Flight to Boston: The worst moment. After checking three bags, we headed to the plane with two carry-ons, the lightweight stroller and the car seat. The car seat is the most ridiculously shaped thing in the world to have to carry around for long periods of time. We checked the stroller at the gate and put the car seat in NJ's seat, where it listed forward slightly. She didn't seem to experience any of the take-off (and landing) ear pressure problems I've seen spark screaming jags in other kids. NJ was restless, though, and The Wife spent some time walking in the aisle with her. Finally NJ fell asleep in her mother's lap and we put her in the car seat, where she continued to sleep (dangling at a precarious angle). After a half-hour, though, the woman behind us yelled at her kid and startled NJ awake -- and she never went back to sleep. So: More whiny crying. The Wife and I each walked her around some, and finally NJ settled down for the last 30 minutes or so of the flight. And she wasn't even the worst-behaved baby on the flight, there was no need to invoke the It's My Turn rule. After landing, rounding up luggage and getting our rental car, we finally hit the hotel before 7 p.m.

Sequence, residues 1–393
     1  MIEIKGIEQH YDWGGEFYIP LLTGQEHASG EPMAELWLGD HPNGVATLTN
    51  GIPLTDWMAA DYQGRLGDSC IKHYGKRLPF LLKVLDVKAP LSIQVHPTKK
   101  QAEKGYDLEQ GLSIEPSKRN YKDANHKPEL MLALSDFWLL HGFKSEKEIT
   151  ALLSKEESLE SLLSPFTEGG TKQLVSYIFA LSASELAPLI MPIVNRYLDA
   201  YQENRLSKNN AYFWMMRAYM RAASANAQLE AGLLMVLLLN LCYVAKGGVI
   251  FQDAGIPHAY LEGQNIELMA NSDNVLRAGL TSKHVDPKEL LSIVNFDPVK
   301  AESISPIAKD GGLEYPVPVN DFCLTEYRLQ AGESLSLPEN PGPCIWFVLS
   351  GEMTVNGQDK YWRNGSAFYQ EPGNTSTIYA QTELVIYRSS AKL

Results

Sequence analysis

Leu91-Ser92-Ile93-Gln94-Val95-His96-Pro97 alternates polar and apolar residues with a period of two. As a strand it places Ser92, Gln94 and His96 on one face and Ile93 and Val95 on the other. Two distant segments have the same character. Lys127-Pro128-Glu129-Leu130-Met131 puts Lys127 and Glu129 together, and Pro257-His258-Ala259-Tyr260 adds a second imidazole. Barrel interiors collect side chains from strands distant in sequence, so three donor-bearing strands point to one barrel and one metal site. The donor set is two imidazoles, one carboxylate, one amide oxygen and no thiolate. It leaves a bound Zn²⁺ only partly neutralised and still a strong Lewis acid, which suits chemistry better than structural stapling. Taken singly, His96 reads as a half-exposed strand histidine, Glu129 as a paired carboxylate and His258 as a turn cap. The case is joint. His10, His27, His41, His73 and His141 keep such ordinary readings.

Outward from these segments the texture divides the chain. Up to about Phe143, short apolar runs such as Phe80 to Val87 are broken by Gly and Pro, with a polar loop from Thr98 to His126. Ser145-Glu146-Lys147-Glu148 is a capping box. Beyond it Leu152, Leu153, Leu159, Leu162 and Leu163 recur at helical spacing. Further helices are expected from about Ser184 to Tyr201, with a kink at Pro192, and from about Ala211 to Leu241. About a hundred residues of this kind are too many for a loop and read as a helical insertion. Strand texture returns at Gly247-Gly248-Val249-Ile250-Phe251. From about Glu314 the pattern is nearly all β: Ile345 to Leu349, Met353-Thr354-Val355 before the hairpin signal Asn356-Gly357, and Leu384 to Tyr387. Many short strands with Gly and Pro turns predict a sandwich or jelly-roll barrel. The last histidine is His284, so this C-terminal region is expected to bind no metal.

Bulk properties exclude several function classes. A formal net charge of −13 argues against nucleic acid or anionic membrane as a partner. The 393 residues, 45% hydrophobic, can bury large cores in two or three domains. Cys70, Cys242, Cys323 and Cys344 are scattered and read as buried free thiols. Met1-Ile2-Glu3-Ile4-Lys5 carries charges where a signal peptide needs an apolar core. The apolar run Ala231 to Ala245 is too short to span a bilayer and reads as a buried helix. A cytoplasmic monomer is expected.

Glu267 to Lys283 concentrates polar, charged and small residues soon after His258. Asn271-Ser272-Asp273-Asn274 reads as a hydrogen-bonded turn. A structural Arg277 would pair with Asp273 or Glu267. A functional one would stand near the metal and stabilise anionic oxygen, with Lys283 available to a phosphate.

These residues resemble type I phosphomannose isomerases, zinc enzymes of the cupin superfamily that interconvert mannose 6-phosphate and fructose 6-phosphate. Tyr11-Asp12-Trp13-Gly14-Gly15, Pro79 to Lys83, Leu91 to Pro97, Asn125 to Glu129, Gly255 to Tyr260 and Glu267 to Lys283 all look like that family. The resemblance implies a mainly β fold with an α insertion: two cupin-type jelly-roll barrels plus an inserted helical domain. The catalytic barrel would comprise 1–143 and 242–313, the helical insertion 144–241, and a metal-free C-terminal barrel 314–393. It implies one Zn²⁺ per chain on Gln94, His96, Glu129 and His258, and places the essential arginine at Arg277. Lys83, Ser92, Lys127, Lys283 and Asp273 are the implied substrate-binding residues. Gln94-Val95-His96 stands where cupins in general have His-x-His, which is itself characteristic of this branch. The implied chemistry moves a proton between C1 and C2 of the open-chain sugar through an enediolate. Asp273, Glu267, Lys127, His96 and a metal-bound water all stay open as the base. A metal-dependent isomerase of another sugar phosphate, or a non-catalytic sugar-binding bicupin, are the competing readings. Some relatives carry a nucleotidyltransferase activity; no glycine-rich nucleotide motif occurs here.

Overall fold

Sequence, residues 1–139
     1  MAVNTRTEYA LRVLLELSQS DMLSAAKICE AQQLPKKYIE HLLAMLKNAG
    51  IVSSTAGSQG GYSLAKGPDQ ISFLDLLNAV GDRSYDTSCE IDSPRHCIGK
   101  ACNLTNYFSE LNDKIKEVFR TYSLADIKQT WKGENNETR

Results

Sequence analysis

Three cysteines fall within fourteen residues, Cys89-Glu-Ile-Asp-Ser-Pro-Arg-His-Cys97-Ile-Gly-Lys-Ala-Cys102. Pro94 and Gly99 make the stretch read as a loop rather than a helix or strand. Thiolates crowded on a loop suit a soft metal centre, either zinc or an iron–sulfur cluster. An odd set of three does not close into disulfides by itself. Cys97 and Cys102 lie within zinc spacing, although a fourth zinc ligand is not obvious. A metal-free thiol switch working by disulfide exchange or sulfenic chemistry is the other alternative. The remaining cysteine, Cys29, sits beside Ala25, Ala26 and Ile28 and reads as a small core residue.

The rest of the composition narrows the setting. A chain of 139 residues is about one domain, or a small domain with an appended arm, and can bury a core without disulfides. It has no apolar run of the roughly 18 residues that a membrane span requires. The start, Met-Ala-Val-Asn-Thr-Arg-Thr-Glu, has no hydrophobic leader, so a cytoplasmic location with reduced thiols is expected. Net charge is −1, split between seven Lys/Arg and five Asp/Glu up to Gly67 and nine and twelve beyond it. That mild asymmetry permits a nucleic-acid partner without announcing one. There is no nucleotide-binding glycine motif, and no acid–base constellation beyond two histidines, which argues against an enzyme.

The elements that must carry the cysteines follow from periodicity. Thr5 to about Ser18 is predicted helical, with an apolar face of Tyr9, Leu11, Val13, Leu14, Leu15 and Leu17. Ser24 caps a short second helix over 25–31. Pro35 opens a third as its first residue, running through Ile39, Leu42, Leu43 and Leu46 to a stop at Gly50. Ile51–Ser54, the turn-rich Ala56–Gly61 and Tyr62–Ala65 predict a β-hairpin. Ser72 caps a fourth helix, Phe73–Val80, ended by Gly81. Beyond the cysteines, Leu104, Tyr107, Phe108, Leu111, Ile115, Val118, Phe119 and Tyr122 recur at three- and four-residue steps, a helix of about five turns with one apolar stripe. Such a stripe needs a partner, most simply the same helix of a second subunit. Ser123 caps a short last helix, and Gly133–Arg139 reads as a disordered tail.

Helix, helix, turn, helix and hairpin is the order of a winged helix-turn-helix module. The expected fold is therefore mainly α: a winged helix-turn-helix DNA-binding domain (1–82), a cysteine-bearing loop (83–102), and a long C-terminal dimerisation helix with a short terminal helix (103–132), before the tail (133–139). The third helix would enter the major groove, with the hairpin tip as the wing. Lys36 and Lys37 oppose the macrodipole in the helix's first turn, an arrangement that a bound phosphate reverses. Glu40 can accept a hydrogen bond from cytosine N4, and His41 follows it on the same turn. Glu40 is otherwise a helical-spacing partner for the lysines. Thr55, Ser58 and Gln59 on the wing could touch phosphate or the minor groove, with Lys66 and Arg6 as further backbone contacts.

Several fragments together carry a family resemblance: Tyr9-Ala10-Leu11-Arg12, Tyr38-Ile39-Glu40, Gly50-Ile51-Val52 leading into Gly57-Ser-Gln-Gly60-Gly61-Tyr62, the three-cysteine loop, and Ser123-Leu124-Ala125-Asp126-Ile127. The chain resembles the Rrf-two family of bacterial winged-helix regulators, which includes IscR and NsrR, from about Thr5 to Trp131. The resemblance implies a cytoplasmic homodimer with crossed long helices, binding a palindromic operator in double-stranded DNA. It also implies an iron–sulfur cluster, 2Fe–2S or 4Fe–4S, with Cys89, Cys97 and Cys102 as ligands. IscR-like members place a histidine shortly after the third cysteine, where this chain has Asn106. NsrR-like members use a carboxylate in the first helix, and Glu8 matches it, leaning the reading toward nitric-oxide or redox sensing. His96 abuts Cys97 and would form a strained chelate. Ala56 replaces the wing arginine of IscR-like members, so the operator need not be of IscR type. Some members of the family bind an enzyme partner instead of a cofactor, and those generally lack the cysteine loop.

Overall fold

Boston: We stayed in a nice place downtown and had a spectacular view of the Statehouse's golden dome, the Charles River, Cambridge and the Back Bay. NJ fussed mightily for about ten minutes after we put her down, then slept like a log -- a very, very tired log that had a big, long day. The next morning we spent at the Common and the Public Garden, where Norah charmed passers-by with a big smile and her adeptness at sitting on bronze ducks. Even though it's been almost 15 years since I left Boston and political reporting, when the Park Street Church bells tolled 9 a.m. I instinctively took a couple of steps toward the Statehouse, figuring I'd better grab a coffee and get to work in the Press Gallery. Instead, though, we returned to the hotel to have breakfast with old friends Mark and Mer before driving off to The Wife's parents' house in Connecticut.
Drive to Connecticut: Uneventful.